Ebola, believed to be caused by four or five viruses, begins with influenza-like symptoms. Headaches, confusion, seizures and sometimes coma can follow, as well as a rash. For a large proportion of those affected the disease is fatal, due to multiple organ failure.
While the total number of people killed is still far lower than other infectious diseases such as measles or malaria, it has caused alarm due to Ebola’s high death rate and the fact that there is no cure and no vaccine.
The Lancet medical journal reports that potential vaccines are currently being tested and several others are also in the early stages of laboratory research.
The World Health Organisation (WHO) will begin ‘efficacy trials’ of two Ebola vaccines in December. These vaccines are still in phase one trials which test whether they are safe in a small group of people.
One of the leading candidate vaccines was developed by the US National Institutes of Health (NIH) and GlaxoSmithKline (GSK). It has already gone through some initial safety tests at Oxford University’s Jenner Institute in the UK.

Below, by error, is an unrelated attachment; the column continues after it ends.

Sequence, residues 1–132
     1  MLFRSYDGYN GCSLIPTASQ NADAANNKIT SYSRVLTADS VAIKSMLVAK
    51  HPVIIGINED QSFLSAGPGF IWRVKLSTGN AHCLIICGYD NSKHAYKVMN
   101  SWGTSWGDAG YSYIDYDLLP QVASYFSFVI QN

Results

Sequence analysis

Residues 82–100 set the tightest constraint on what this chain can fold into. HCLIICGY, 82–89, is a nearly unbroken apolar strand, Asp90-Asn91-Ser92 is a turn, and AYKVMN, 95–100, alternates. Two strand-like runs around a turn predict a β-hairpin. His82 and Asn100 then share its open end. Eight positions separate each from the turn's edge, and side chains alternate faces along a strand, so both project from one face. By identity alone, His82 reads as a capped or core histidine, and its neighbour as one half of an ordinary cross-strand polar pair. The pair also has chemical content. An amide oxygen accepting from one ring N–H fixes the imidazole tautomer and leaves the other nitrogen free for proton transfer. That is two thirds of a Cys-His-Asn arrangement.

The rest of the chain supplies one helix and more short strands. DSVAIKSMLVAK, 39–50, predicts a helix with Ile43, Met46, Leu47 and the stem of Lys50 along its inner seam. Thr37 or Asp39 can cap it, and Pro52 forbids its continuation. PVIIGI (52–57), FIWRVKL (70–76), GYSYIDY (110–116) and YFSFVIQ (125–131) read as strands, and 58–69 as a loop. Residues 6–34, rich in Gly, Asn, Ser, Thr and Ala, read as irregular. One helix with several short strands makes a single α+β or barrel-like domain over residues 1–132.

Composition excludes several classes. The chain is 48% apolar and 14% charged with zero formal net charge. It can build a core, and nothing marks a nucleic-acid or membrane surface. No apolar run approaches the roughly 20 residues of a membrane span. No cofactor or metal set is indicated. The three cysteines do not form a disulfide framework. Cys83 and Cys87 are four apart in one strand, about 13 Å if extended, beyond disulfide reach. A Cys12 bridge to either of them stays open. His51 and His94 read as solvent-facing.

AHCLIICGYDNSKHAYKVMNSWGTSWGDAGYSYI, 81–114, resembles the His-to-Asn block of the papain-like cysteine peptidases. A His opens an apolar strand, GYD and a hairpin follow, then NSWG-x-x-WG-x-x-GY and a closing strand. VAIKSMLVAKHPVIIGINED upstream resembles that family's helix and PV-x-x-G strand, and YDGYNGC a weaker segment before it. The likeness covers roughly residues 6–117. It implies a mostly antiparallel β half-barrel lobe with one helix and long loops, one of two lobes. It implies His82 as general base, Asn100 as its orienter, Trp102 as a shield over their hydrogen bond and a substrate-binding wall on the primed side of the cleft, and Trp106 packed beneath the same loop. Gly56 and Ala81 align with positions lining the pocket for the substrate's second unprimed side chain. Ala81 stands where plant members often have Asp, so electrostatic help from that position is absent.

Another potential vaccine was developed by the Public Health Agency of Canada and NewLink Genetics. Phase 1 trails began last month in the US and are set to expand to research centres in Switzerland, Germany, Gabon and Kenya.
If safety tests are successfully completed, field trials on larger numbers of volunteers will take place in Liberia and Sierra Leone. This is likely to begin with a trial including 20,000 health workers.
Meanwhile, vaccine companies have been working to increase production capacity. If the vaccines pass all clinical trials and are shown to be safe and effective, millions of doses of vaccine will be required next year.
A number of other potential vaccines are also in development. Johnson & Johnson is working with a Danish company, Bavarian Nordic, to start phase 1 trials early in 2015 with the aim of having 250,000 doses ready by May.
With Ebola among the priorities of the WHO, manufacturers, academics and philanthropists, hope for a vaccine are rising. For some, it cannot come soon enough.
The EU is also stepping up its investment in vaccine development, clinical trials, storage and transport, as well as diagnostics and treatments.
The Innovative Medicines Initiative – a public-private partnership between the European Commission and research-based pharmaceutical companies – has allocated €280 million to Ebola vaccine projects.